United Arab Emirates) to determine the safety and efficacy of 2% minoxidil
in the treatment of early androgenic alopecia and to compare the response
with Western countries. METHODS. One hundred and ninety-five men aged
between 19 and 47 years were enrolled. The duration of their baldness
varied from 6 months to 10 years, and they all showed a type III vertex or
type IV of the modified Hamilton scale. Baldness pattern, diameter of the
balding area, hair counting within a 2.5 cm bald patch as well as
investigator's and patient's evaluation were regularly noted. RESULTS. No
significant changes were observed in vital signs or laboratory parameters.
Of the 161 patients considered evaluable at 48 weeks, 80% showed moderate
to dense growth. The mean increase in nonvellus hair at 12 months was 234.
CONCLUSIONS. The age of the patient and the type of baldness rather than
its duration affected the final outcome.
HAIR LOSS STUDY
AUSTRALIAN TRIAL OF TOPICAL MINOXIDIL AND PLACEBO
IN EARLY MALE PATTERN BALDNESS.
Australian trial of topical minoxidil and placebo in early male pattern
Author: Connors TJ, Cooke DE, De
Launey WE, Downie M, Knudsen RG, Shumack S, Eggleston AS Address:
Monash Medical Centre Clayton, Vic.
Source: Australas J Dermatol, 31: 1,
One hundred and sixty nine men with early male pattern baldness
(androgenic alopecia) were treated in a random, double-blind fashion with
either 2% minoxidil solution or placebo vehicle for 24 weeks, one ml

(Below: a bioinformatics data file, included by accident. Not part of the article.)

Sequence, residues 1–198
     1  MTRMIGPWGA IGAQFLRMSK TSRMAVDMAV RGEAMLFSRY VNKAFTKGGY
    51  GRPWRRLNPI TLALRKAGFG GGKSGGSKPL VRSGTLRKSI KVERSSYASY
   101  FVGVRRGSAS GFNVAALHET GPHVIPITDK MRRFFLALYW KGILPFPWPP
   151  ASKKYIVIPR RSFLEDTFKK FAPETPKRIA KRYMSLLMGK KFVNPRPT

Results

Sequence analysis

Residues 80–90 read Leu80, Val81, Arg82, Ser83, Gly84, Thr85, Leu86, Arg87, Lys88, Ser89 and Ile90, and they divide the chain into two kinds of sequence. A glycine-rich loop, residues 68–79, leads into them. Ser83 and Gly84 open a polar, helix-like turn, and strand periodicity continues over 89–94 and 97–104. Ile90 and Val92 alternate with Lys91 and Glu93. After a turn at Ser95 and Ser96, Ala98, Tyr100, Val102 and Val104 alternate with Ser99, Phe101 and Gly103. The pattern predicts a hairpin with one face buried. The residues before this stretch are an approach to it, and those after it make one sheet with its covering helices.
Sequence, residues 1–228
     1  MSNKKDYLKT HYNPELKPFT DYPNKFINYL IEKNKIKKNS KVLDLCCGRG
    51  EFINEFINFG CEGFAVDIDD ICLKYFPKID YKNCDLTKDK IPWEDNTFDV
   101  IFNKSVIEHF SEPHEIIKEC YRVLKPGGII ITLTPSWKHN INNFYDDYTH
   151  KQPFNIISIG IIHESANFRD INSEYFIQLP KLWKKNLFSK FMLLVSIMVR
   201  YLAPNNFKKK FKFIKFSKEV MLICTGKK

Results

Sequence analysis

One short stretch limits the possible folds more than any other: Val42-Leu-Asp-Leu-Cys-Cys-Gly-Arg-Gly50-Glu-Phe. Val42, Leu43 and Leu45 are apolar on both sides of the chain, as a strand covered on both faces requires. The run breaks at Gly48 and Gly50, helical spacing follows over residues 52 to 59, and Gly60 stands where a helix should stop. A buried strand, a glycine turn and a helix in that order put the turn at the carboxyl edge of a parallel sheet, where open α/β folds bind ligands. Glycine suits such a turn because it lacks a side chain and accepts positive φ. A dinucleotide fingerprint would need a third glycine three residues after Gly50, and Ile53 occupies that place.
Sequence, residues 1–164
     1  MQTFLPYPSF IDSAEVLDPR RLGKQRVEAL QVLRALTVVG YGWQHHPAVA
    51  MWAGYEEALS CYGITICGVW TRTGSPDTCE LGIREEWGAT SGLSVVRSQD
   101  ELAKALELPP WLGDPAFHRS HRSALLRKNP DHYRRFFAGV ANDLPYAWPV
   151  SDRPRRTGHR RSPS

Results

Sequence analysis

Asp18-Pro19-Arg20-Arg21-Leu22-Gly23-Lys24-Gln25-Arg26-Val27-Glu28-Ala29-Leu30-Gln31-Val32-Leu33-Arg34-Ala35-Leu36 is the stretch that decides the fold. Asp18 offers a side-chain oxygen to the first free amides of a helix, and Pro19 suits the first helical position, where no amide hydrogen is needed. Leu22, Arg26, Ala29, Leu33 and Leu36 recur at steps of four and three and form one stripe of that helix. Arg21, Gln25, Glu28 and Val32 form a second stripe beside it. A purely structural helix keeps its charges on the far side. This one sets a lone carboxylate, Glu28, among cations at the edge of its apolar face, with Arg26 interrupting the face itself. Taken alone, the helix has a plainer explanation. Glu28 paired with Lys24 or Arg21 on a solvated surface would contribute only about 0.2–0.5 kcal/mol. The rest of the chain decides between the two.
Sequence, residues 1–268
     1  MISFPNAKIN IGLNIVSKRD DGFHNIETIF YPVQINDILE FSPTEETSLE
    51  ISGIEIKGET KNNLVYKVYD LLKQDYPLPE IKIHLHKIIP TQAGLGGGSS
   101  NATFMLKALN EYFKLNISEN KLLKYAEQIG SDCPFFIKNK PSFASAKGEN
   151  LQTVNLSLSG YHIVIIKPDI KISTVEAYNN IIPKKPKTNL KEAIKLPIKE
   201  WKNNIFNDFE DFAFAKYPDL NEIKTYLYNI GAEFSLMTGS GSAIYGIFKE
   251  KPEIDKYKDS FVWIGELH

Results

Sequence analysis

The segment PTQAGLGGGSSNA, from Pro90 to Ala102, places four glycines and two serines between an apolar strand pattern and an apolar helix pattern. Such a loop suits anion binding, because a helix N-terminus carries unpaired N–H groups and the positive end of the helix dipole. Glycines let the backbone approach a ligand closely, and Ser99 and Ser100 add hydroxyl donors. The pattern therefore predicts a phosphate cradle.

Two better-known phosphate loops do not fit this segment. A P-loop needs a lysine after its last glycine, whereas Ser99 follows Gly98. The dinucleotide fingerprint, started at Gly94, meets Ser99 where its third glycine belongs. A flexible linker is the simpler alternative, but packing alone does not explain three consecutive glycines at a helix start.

applied twice daily. After 24 weeks all patients received the active
solution until week 48. After 24 weeks the minoxidil treated patients had
increased their non-vellus hair counts significantly more than the placebo
treated group; means were 37.6 and 8.8 hairs per reference area, 95% C.I.
for difference = 10.85 to 60.75. The rate of non-vellus hair regrowth was
also greater among minoxidil treated patients than placebo treated
patients. Nine (12.5%) evaluable minoxidil treated patients compared with
2 (2.7%) evaluable placebo treated patients reported moderate or dense
hair regrowth at week 24. Minimal regrowth was reported by 18 (25%) active
group and 15 (20%) placebo group patients. The investigators considered
that 3 (2%) of the minoxidil group and None of the placebo group had
moderate hair regrowth and that None had dense regrowth. After 48 weeks
treatment 28 (23%) patients considered that they had moderate hair
regrowth and the investigators considered that 14 (12%) patients had
moderate regrowth. None had dense growth. No serious adverse reactions or
deaths were reported. Minoxidil solution appeared to be an efficacious and
safe treatment for early androgenic alopecia.
HAIR LOSS STUDY
TREATMENT OF ANDROGENIC ALOPECIA WITH TOPICAL
Treatment of androgenic alopecia with topical minoxidil
Author: Brenner S, Tamir A
Address: Dermatology Dept., Sourasky
Medical Center, Tel Aviv.
Source: Harefuah, 121: 9, 1991 Nov 1,
Minoxidil, a vasodilator, was first marketed in 1979 as an oral
antihypertensive. Since hypertrichosis occurred as an adverse effect in
most patients treated, a 2% topical solution was developed for use in men
with androgenic alopecia. It was approved by the American Food and Drug
Administration and by the Israel Ministry of Health. A follow-up of 30
cases treated with the preparation is presented. Efficacy of treatment was
assessed by hair counts in a marked area on the balding scalp, as well as
by subjective evaluations of patients and physicians. The treatment was
beneficial in 63%: balding was slowed in most, while in a minority hair
density actually increased. However, in only 6.6% was dramatic cosmetic
HAIR LOSS STUDY
A CRITICAL REVIEW OF THE RESULTS OF CLINICAL
WITH TOPICAL MINOXIDIL 2%.